Americans John C. Mather and George F. Smoot won the Nobel Prize in Physics for 2006 on Tuesday, October 3, 2006.
The scientists were awarded the Prize "for their discovery of the black body form and anisotropy of the cosmic microwave background radiation," the Royal Swedish Academy of Sciences in Stockholm said.
The Physics Prize is awarded for work that helped look back at the infancy of the universe and to help the understanding of galaxies and stars. It is based on measurements made with the COBE satellite launched by NASA in 1989.
The COBE results provided increased support for the Big Bang scenario for the origin of the Universe. Immediately after the Big Bang, the Universe was like a glowing "black body emitting radiation in which the distribution across different wavelengths depends solely on its temperature. The shape of the spectrum of this kind of radiation has a special form known as blackbody radiation. When it was emitted, the temperature of the Universe was almost 3,000 degrees Centirgrade. Since then, the radiation has gradually cooled and now corresponds to temperature that is barely 2.7 degrees above absolute zero."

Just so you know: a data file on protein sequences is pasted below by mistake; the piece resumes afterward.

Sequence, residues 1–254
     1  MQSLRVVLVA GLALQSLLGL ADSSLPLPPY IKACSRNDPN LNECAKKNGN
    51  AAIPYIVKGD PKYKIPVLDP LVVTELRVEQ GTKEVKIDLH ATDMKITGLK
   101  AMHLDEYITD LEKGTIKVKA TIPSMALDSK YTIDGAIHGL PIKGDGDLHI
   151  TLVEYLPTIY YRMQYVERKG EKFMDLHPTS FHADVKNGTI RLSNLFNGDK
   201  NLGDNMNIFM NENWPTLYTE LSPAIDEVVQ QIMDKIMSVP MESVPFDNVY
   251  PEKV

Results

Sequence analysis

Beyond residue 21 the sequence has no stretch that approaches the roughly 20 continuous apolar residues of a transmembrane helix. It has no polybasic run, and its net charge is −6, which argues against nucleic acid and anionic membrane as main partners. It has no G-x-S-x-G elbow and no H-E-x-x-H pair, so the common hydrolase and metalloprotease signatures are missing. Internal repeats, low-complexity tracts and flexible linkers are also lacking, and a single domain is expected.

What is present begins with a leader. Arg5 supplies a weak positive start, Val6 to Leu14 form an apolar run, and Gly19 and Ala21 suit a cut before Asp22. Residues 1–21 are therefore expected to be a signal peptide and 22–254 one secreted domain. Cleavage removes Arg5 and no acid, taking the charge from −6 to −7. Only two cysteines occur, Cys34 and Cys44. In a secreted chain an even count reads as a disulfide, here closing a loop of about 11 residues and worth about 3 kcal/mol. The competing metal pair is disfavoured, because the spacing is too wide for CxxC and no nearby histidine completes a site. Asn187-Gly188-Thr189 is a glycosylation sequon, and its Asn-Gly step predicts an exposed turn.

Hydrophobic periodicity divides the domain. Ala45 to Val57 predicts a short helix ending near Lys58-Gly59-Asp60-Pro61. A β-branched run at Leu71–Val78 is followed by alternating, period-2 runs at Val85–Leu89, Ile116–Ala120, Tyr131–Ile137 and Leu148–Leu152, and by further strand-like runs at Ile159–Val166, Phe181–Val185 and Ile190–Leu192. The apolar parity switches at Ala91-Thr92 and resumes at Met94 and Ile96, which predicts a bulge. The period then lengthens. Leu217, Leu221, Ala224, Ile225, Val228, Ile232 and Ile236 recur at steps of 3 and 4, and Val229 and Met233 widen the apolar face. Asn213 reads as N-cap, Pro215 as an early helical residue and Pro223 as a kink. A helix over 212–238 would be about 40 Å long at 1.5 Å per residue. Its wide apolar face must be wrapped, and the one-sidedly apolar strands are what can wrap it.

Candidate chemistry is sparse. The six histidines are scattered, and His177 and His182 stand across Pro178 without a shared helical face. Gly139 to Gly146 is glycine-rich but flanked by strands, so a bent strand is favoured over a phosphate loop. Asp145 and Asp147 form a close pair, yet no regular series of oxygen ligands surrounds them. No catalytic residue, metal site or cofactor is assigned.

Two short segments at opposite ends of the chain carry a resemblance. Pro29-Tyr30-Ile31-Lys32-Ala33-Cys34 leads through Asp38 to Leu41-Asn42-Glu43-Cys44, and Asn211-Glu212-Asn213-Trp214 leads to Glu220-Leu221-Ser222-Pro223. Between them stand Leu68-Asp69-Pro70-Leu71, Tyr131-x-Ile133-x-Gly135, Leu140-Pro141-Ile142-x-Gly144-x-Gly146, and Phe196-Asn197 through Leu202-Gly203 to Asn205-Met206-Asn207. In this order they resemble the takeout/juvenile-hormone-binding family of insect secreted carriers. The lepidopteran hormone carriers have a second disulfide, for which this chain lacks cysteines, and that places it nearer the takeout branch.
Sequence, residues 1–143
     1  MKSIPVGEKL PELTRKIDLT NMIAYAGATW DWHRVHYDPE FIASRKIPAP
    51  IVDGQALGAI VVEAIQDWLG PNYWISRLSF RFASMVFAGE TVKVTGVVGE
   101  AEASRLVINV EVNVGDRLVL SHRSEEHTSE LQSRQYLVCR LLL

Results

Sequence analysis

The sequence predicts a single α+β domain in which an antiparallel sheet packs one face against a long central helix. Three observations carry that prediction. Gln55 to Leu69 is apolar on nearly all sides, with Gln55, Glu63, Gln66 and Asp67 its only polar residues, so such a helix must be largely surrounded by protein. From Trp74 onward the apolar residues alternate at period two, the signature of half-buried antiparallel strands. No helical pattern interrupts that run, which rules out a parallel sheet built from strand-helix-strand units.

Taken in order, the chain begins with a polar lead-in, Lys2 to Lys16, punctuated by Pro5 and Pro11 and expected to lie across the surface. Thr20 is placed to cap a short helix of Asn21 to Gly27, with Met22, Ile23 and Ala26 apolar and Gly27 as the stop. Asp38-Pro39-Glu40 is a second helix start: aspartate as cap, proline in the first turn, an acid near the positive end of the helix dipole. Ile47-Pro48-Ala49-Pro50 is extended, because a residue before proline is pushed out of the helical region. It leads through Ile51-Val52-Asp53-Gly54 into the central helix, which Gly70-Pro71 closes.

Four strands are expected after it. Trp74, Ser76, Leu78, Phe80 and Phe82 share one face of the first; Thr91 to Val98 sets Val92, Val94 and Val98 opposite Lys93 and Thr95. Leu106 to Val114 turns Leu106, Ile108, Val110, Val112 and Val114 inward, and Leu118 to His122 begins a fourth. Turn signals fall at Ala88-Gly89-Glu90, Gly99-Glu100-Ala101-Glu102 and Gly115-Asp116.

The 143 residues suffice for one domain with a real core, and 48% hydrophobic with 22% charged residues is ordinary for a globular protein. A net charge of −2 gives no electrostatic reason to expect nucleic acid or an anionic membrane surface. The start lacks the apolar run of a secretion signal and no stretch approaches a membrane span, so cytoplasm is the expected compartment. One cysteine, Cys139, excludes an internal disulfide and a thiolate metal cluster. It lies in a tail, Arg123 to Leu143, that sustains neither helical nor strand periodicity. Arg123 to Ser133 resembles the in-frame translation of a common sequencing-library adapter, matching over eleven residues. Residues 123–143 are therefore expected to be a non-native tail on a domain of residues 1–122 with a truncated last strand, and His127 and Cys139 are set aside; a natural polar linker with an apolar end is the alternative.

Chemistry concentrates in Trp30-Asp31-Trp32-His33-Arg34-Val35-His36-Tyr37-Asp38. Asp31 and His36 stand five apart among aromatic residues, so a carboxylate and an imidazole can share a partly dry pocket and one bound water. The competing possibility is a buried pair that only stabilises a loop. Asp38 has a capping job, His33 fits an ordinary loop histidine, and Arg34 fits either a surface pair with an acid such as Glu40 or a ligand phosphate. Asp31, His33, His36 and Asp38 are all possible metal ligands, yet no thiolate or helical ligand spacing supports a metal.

The first results from COBE were received after nine minutes of observations: COBE had registered a perfect blackbody spectrum. When the curve was shown at a later astronomical conference, the results received a standing ovation.
COBE also had the task of seeking small variation of temperature in different directions ("anisotropy")---in the range of hundredths of thousdanths of a degree. The variations in temperature show how the matter in the early universe began to aggregate into galaxies, clusters and superclusters that we see today.